Among other examples of the authorities targeting of devout Muslims are the cases of Mannobjon Rahmatullaev, who was kidnapped from Russia and sentenced to 16 years' imprisonment (see F18News 21 February 2005 http://www.forum18.org/Archive.php?article_id=515) and the continuing trial of 23 Muslim businessmen in Andijan [Andijon], accused of belonging to an Islamic charitable organisation (see F18News 14 February 2005 http://www.forum18.org/Archive.php?article_id=508).
Contacted by phone by Forum 18 on 22 February, the chairman of the Uzbek government committee for religious affairs Shoazim Minovarov stated that he knew nothing of trials of devout Muslims in Uzbekistan. When Forum 18 pointed out that it was his job to know, Minovarov replied: "You can think what you like. I don't want to answer this question. As they say in English – no comment!"
As well as devout members of the majority faith, Islam, being targeted by the authorities, members of the minority faiths of Protestant Christianity and Jehovah's Witnesses have also been targeted (see F18News 16 February 2005 http://www.forum18.org/Archive.php?article_id=512). And in a bizarre move, Uzbekistan is the only former Soviet country to ban the entry of the relics of saints and martyrs of the Russian Orthodox Church (see F18News 15 February 2005 http://www.forum18.org/Archive.php?article_id=510). (END)
For background information, see Forum 18's Uzbekistan religious freedom survey at http://www.forum18.org/Archive.php?article_id=105 .
A printer-friendly map of Uzbekistan is available at
21 February 2005
An Uzbek former teacher of Arabic in a Russian mosque, kidnapped in 2004 and illegally taken to Uzbekistan without the consent of the Russian authorities, has been given a lengthy prison sentence on a wide range of terrorist-related charges, which his lawyer told Forum 18 News Service are "absurd". Mannobjon Rahmatullaev was sentenced to 16 years' imprisonment on 20 January, his lawyer telling Forum 18 that only one offence, under article 223 (illegal exit abroad or illegal entry), when he travelled on the haj pilgrimage to Mecca in 1992. The imam-hatyb of the Saratov central mosque, Mukadas Bibarsov, where Rahmatullev worked, said he had been "shocked" by his colleague's abduction. "If Rahmatullaev had really been involved in politics then I would have been in favour of his deportation from Russia," Bibarsov told Forum 18 from Saratov on 17 February. "I knew this man well and I can testify that he was an honest faithful Muslim who never committed any crime."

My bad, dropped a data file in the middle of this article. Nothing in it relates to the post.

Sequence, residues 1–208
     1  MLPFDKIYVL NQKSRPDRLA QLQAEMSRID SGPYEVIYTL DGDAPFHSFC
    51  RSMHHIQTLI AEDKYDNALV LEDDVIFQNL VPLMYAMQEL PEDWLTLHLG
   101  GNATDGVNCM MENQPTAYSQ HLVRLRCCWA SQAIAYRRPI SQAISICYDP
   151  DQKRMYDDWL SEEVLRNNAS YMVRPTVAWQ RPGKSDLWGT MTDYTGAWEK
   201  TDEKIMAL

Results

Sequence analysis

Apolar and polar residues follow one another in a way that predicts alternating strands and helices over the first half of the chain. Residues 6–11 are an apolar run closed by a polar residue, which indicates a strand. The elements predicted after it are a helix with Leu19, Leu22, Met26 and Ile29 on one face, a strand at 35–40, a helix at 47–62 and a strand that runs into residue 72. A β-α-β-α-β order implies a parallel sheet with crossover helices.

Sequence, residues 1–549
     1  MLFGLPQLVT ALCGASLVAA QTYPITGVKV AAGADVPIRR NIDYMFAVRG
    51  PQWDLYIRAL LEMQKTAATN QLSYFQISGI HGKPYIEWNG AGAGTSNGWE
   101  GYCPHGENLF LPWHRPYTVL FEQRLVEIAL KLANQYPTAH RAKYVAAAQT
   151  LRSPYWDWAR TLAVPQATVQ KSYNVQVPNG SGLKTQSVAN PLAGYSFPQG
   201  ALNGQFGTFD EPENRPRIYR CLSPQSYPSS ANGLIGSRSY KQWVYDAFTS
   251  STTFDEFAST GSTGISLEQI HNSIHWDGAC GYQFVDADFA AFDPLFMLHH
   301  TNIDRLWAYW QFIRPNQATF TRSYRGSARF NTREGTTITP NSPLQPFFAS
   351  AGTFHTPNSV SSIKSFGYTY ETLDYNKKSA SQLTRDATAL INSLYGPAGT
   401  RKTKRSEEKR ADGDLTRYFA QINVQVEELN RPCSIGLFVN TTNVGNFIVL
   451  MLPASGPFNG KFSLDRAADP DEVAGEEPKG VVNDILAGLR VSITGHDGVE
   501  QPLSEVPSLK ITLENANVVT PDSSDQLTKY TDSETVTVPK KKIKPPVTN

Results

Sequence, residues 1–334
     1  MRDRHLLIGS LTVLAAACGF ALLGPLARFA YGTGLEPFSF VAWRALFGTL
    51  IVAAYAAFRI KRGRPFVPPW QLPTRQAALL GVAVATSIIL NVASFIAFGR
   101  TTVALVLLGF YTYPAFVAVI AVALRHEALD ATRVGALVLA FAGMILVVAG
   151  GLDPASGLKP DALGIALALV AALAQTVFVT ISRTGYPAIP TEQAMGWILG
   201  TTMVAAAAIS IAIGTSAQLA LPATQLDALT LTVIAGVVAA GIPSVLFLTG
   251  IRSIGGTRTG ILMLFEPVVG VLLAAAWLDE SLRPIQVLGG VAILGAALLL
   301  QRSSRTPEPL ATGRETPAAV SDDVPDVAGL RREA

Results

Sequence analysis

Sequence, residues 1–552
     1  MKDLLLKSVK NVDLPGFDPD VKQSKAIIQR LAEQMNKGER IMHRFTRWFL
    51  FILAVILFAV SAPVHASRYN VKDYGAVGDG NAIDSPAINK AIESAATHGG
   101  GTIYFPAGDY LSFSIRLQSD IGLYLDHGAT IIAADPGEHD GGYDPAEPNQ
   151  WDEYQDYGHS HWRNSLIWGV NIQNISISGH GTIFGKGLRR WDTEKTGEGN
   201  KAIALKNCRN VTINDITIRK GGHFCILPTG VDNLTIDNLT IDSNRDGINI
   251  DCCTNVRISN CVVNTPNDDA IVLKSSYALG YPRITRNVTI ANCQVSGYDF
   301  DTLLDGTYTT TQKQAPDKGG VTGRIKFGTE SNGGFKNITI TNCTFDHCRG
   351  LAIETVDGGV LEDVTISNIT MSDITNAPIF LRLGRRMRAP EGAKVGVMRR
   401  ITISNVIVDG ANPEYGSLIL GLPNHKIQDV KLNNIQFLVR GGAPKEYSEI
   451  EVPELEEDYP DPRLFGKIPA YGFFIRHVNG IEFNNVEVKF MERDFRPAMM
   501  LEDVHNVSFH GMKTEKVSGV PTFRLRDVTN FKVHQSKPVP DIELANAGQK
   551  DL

16 February 2005
Halima Boltobayeva, a Muslim prisoner's wife, has been freed after two months in jail and given a one year suspended sentence, Forum 18 News Service has learnt. Local human rights activists have told Forum 18 that she was framed by prison staff, after she refused to accept their claims that she dressed like a "shahidka", a term widely used for a female Muslim terrorist. As a devout Muslim, she wears the hijab headscarf and a long garment that covers her entire body. The Prosecutor had demanded that she be given a three year jail sentence, which demand Judge Zainuddin Begmatov did not accept. He told Forum 18 that he had "imposed an extremely light sentence" and couldn't understand why human rights activists were not happy with the situation. But local human rights activist Ahmajon Madmarov commented to Forum 18 that "an innocent person was not vindicated and spent almost two months in prison. So the authorities have once more demonstrated that they can punish believers at their discretion."
16 February 2005
The Protestant Peace Church, just outside the capital Tashkent, and the capital's Jehovah's Witness congregation are the latest victims, which Forum 18 News Service knows of, of the state's refusal to grant registration to religious communities it does not like. Both communities are now at risk of prosecution, with the possibility of large fines and jail terms. The reasons given to the Peace Church for the decision, in a letter which contained grammatical mistakes seen by Forum 18, included the claim that the application contained "many grammatical and spelling mistakes." None of the reasons given are specified by Uzbekistan's religion law. A Jehovah's Witness spokesperson told Forum 18 that the impact of the decision on Jehovah's Witnesses will be "a never-ending cycle: the police periodically fine our believers because of the activities of unregistered religious congregations, while the justice authorities simply ignore our attempts to register those religious congregations."